There was a time in Freddy Alvarez’s life, just after his divorce in 2013, when he needed to get back on track, and really needed to “keep my mind off things.”
So the 62-year-old literally went to dig into his past and figuratively discovered a pot of gold that would change his life.
The gold came in the form of sheet metal designs and a half-inch metal conduit pipe for the tubes her father made into wind chimes.
His father, Fernando O. Alvarez, was a World War II veteran who fought with the United States Army in the Philippines, then later became a union sheet metal installer and fabricator.
“My dad started making them in the mid-70s as a hobby and to make some extra money,” Freddy Alvarez said with a smile.
“My dad loved being a vet, he loved his country and he loved the flag.”
But Alvarez wasn’t interested in making chimes himself, so he never really got involved.
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“It was his thing,” he said, referring to his father.
At the time, Freddy’s thing was playing trumpet for Los Changuitos Feos, the famous mariachi band from Tucson.
But that’s another story for another time.
When his father stopped making the chimes in the 1990s for health reasons, he stored his tin patterns in a milk crate, sheltered from the weather, until his death in 2005 at age 79.
In the elements they stayed, first with his father, then with Alvarez until 2013, after his divorce.
“I had to occupy my time not to think about anything.”
He found himself drawn to his father’s old milk crate.
Alvarez dusted off the once-familiar metal thinking, “I found this pot of gold, made by my father’s hands.”
Thinking of his father, Alvarez decided to make chimes, picking up where his father left off. Only this time he would make some changes to make them his way.
His life changed again when his friend, Miguel Salazar, a 20-year-old army veteran, saw his wind chime and offered to pay Alvarez to make him one.
The wind chime he saw was painted red, white and blue and Alvarez had dedicated it to his father in service to his country.
“Dude, I can’t sell it to you!” was Alvarez’s response. “You are a veterinarian. I’ll make you one!”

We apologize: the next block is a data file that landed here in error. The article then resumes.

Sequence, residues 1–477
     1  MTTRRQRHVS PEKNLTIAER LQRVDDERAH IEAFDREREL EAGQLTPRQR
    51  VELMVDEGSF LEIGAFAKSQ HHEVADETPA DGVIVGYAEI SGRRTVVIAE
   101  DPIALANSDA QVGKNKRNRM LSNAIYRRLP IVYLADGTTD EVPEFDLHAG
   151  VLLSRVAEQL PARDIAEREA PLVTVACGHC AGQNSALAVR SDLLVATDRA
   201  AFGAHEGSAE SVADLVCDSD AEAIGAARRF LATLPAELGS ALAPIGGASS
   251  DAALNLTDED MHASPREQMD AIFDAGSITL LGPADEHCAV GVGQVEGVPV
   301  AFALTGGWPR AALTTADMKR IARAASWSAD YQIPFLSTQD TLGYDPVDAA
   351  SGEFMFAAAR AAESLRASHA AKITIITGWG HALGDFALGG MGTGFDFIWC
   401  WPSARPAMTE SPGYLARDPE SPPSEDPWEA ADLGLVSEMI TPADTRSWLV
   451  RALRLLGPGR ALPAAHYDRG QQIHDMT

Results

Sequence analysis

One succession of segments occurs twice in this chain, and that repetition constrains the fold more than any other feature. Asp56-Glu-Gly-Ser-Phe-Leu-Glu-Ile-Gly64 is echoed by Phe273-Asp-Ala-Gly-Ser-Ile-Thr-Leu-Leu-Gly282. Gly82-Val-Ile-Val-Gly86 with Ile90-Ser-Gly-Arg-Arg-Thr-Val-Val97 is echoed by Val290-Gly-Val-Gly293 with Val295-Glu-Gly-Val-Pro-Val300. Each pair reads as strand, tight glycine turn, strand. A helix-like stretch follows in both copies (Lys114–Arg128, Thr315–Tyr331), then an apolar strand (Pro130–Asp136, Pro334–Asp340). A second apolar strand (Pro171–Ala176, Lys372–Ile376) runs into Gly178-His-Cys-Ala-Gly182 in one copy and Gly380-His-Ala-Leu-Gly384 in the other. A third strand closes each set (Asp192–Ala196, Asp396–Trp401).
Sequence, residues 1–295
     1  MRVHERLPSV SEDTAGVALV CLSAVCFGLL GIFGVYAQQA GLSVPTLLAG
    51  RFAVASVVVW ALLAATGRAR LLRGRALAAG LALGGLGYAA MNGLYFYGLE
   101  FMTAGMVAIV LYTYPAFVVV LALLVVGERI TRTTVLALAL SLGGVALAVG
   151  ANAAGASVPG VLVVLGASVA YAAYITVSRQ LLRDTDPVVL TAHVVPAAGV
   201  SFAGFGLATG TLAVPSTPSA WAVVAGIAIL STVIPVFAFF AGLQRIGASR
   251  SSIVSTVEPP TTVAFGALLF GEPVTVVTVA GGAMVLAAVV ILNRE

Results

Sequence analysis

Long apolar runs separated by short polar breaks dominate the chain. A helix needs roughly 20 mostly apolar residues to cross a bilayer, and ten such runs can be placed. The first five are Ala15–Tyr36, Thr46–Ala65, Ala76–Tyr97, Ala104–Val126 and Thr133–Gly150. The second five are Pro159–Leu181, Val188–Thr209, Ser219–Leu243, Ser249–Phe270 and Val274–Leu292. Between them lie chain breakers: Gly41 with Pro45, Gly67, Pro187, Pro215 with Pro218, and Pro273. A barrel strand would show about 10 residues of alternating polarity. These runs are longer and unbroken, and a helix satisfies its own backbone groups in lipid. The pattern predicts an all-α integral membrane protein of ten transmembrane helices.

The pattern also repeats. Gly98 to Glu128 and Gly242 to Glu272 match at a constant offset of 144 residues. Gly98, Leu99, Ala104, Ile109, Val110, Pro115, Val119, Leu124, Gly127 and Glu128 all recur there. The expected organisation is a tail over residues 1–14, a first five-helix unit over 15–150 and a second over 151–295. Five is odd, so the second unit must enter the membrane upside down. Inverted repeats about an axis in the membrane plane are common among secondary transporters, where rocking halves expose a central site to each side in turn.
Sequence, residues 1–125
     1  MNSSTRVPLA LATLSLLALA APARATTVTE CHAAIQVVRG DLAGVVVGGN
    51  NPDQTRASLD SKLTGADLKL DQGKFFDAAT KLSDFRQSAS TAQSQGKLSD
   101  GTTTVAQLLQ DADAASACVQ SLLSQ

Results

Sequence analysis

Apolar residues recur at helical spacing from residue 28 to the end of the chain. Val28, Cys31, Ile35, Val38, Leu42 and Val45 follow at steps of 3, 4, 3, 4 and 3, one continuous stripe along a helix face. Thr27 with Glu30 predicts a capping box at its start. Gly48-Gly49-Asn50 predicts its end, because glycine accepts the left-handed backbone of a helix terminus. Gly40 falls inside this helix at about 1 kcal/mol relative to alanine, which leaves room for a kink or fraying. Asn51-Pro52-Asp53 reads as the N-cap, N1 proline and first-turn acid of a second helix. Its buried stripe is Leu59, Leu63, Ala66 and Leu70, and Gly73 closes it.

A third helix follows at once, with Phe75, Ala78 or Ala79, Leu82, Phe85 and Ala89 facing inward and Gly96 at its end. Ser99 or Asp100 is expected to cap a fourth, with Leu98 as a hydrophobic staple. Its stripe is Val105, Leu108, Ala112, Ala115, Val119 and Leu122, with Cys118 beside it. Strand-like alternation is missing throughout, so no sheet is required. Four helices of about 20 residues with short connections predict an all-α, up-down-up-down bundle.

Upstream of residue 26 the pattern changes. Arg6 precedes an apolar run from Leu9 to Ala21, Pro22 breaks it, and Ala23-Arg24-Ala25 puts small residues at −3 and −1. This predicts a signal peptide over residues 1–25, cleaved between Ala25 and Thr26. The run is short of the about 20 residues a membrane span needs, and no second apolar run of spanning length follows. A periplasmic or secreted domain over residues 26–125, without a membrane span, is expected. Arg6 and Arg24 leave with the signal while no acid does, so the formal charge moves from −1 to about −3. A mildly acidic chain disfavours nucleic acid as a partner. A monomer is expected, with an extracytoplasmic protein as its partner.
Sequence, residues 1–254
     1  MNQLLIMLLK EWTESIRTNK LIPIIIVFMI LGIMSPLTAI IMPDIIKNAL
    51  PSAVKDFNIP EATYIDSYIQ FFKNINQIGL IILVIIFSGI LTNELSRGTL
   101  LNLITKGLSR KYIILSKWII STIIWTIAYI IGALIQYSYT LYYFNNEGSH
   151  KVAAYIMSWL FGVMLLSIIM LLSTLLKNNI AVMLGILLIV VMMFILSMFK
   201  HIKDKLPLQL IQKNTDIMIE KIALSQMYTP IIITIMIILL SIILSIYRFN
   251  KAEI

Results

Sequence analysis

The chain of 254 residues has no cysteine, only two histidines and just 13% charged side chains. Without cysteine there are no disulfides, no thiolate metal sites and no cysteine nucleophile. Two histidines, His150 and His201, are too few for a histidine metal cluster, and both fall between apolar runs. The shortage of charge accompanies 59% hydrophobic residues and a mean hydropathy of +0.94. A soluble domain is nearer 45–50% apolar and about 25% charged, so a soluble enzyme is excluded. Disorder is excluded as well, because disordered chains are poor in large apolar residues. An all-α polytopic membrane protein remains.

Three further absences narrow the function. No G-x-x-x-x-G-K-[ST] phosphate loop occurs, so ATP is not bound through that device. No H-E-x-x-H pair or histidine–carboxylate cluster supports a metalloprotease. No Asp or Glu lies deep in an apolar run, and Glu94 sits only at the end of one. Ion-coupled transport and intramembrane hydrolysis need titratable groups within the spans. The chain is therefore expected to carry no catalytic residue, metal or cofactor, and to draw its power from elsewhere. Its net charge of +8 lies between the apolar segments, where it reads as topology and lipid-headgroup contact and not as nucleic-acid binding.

Then he thought, “If I give him one…I have to make one for all my friends who have served.
In 2015, Alvarez, who is not a veteran, started making chimes for veterans and for families of veterans, eventually making as many as 50.
But because the chimes are handcrafted, he struggled to keep up with demand.
In 2016, he needed a new plan. He created what he calls veteran hangers – a single strand of recycled carbon dioxide canisters painted red, white and blue. A piece of sheet metal resembling a military dog tag hangs from the bottom.
Hangers are easier and faster to make.
Since 2016, he estimates he has handed out some 1,200 hangers to veterans, many of whom he met randomly.
Alvarez, who also plays “Taps” with his trumpet on demand at the graves of deceased veterans, admits he doesn’t keep an accurate count of how many hangers he has made. “I focus more on their distribution.”
He left hangers at the Veterans Administration, including for those receiving care there and living away from home.
“Most of the time, I usually approach a person in stores, restaurants, places like that, who may be a vet depending on whether they have a veteran’s license plate or they wears a certain shirt or cap.”
Most of the time, he takes his grandson, Mario, 11, a fifth-grade student at Manzo Elementary, to help hand out hangers.
“I like being with my aunt,” Mario said of his grandfather. “I’m impressed with what it takes to make the hangers and the things he does to get things done.”
Throughout Alvarez’s time working on chimes and later on hangers, he kept one thing in mind.
“I remember my dad telling me that I should always greet a vet and shake his hand, and if he has a story to tell, take the time to listen to it.”
Maybe a similar gesture can get someone to find their pot of gold.